Also some donations to the USCG would be great as well!!
Very good article and I agree that in postmortem it’s time to look forward and see how to prevent this kind of disaster from happening in the future.
As far as my comment about the Coast Guard calling off the search prematurely… It’s always a tough call and I appreciate how hard it must be for the CoastGuard to make the right call. In this case they were wrong. Once public opinion forced them to resume the search they found the boat quite quickly and even though there were no survivors finding the boat and liferaft offers a measure of closure for the family and friends and sailing community at large. The value of that kind of closure can’t be measured in dollars and cents…
@Peter: Yes, in Europe there are standards, and it would of course be very helpful if the EU promulgated stricter keel standards. But everywhere else the industry is unregulated. In large part, it has to be something consumers demand and are willing to pay for. I suggested starting with racing as it is discrete and seems more doable to me as a starting point and is very influential.
@alina: A great way to support the Coast Guard is to donate to the Coast Guard Foundation at coastguardfoundation.org
My first boat (Santana 22) had a cast-iron keel with a flange on top, with two rows of bolts through the flange and hull. First, this spreads the load over a wider area, like you said — it basically changes the ratio of the lever that the keel makes on the hull.
But second, and maybe more importantly, it makes changing the keel bolts a nothing job that you would do every time you haul. You just take the nuts off the top and pop the bolts off down through the flange, easy. No need to move the keel, or even support it if you do one bolt at a time. Any sign of corrosion, just replace them. Or replace them anyway, what the heck.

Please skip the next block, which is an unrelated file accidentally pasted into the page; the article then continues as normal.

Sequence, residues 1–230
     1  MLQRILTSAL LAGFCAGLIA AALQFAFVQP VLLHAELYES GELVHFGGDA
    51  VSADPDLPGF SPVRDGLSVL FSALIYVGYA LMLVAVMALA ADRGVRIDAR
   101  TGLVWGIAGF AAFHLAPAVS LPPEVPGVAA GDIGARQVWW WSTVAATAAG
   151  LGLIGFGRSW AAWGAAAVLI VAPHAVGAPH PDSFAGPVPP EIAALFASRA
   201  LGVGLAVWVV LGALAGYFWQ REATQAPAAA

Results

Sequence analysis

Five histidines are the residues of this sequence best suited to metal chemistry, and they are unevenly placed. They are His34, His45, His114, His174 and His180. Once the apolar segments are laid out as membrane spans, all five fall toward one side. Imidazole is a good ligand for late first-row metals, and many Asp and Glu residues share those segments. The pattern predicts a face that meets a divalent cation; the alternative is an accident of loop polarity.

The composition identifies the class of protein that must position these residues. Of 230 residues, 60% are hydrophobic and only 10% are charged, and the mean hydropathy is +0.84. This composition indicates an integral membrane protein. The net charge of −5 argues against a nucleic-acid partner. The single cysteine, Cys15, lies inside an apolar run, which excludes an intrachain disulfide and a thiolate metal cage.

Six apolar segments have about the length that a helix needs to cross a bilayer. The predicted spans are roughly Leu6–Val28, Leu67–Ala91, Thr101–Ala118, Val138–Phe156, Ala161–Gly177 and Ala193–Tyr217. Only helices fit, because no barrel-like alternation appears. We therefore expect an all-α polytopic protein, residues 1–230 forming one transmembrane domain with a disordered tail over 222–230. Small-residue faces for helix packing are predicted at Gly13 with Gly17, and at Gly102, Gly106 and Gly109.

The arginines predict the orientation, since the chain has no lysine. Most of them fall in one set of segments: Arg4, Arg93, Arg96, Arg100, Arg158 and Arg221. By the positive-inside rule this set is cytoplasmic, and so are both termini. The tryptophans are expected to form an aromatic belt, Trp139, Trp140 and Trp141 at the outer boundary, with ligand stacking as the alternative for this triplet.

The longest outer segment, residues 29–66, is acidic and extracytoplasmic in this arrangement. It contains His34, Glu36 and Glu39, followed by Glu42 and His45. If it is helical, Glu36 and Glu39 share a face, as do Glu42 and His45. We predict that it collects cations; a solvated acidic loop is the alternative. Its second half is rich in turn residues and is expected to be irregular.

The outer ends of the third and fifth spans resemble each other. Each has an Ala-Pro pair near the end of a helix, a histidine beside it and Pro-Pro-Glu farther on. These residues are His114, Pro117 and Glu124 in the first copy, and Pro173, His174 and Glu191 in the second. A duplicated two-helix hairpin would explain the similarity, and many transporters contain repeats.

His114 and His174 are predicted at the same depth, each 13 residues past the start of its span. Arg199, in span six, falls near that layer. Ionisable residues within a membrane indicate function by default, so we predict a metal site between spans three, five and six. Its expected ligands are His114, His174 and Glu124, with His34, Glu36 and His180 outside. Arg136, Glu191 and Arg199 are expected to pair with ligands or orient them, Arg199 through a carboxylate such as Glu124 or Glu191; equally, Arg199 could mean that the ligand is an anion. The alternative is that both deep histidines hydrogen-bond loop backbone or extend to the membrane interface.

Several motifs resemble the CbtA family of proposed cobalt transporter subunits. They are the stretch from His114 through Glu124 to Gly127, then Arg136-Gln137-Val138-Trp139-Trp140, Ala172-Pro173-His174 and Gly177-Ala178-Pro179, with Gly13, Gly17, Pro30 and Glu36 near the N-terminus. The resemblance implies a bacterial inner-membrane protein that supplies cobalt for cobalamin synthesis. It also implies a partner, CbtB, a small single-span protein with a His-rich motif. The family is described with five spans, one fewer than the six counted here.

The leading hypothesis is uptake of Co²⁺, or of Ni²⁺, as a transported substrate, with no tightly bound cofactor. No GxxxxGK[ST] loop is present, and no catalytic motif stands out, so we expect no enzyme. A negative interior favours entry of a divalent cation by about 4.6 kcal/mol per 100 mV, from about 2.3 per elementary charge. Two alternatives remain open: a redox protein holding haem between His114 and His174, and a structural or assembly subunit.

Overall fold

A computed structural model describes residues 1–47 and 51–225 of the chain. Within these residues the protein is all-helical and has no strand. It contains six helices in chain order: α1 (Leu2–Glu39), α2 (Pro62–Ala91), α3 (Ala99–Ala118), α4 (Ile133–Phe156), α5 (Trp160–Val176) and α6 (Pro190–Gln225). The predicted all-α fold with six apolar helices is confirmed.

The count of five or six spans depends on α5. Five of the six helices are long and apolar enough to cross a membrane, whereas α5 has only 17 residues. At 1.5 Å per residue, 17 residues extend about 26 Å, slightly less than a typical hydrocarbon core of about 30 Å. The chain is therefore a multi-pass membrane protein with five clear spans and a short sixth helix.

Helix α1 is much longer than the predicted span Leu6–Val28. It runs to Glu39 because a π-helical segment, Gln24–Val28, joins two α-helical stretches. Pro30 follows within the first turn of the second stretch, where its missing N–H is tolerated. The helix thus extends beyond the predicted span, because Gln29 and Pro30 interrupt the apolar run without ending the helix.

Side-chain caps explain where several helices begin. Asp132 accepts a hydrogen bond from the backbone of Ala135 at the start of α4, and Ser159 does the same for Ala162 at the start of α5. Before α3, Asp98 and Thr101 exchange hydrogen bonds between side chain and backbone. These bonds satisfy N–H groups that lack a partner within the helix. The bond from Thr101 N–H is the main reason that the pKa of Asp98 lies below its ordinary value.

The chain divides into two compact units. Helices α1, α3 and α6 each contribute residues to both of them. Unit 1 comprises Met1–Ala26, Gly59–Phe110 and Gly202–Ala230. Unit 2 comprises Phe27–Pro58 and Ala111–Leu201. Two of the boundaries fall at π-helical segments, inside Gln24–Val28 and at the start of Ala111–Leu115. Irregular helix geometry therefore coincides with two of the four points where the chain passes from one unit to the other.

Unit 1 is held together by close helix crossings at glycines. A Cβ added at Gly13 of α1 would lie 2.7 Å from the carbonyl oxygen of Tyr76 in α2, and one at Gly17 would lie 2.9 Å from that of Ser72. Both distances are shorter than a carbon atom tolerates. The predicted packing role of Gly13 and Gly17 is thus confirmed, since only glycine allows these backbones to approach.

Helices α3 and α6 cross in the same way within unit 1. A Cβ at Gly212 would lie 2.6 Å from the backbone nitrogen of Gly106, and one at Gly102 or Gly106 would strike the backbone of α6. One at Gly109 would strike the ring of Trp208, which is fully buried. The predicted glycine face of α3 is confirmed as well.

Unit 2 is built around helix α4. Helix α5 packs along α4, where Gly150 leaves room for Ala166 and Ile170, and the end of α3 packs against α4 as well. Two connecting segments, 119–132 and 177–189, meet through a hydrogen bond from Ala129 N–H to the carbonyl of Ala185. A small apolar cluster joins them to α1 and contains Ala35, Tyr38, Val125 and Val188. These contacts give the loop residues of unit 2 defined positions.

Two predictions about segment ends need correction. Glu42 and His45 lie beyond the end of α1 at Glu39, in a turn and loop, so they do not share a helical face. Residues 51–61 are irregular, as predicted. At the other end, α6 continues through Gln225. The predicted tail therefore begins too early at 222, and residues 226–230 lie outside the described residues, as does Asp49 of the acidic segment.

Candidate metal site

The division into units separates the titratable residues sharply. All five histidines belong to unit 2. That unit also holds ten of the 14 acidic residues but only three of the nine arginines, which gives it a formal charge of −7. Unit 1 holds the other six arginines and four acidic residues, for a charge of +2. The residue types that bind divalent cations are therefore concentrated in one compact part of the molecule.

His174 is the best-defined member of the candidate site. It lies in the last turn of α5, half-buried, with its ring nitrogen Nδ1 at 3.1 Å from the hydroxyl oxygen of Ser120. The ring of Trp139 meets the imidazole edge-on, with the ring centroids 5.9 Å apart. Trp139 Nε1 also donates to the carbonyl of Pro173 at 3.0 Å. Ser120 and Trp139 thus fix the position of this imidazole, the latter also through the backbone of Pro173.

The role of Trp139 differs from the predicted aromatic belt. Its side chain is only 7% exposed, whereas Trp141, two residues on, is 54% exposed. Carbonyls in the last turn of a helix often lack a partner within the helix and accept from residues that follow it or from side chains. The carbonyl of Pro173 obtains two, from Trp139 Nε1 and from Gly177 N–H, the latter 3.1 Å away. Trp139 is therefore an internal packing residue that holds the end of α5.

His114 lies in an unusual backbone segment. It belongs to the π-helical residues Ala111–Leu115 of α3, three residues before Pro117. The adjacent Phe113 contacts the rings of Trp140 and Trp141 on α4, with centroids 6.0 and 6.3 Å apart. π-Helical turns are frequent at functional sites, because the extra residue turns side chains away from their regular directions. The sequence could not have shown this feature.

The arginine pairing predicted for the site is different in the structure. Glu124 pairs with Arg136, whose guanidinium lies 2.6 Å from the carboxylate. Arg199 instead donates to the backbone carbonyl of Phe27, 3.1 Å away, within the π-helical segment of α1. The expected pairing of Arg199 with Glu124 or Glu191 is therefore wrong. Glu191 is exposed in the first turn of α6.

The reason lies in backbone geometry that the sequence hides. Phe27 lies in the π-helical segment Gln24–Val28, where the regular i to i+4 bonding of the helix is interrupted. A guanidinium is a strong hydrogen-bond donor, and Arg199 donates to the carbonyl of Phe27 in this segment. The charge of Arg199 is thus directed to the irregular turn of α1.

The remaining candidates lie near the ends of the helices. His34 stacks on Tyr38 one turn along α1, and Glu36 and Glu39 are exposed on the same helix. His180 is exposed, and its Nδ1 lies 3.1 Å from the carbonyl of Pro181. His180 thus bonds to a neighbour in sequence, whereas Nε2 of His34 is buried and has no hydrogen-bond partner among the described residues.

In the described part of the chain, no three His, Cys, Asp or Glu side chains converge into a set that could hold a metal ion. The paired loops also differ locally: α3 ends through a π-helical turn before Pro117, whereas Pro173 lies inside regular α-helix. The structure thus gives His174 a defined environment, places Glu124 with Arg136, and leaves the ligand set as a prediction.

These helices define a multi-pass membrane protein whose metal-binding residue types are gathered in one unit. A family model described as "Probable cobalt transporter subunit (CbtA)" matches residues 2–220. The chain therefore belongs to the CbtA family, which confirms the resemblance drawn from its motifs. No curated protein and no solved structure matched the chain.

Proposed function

If you have a Beneteau, and you see some corrosion…. are you going to replace the whole keel?
Iron wouldn’t be your choice, but a composite fin with a lead bulb at the bottom should make this do-able. It’s just engineering; given the will, it can certainly be done.
@Brian: I agree with you entirely that closure was very important here. Well worth the trouble, and I hope we can now move on and do something meaningful with what was achieved here.
I thought it was harsh of you to say they abandoned the first search without trying and if it were me, I’d apologize for that remark. They did actually find the boat the first time and made a perfectly reasonable estimate of how much longer to look based on what was found. They had no way of knowing that so many people would need closure in this particular case. When it was made clear, they resumed the search, and what was found in the second search totally validated the conclusions they reached the first time.
I don’t think they deserve to be criticized in this.
A lost keel event should be evaluated seriously by Beneteau peoples lost life these boat are week just ask travel lift operator and the will tell you the must take special precaution to move these boat in the yard.
Hi Charlie, thanks for the articles and the follow up well done.
Any thoughts on the impact that over tightening the rigging may have contributed to the load on the keel. Perhaps charter race crews tighten, race, and return and this gets repeated maybe with a grounding thrown in. That would give you one overstressed keel support.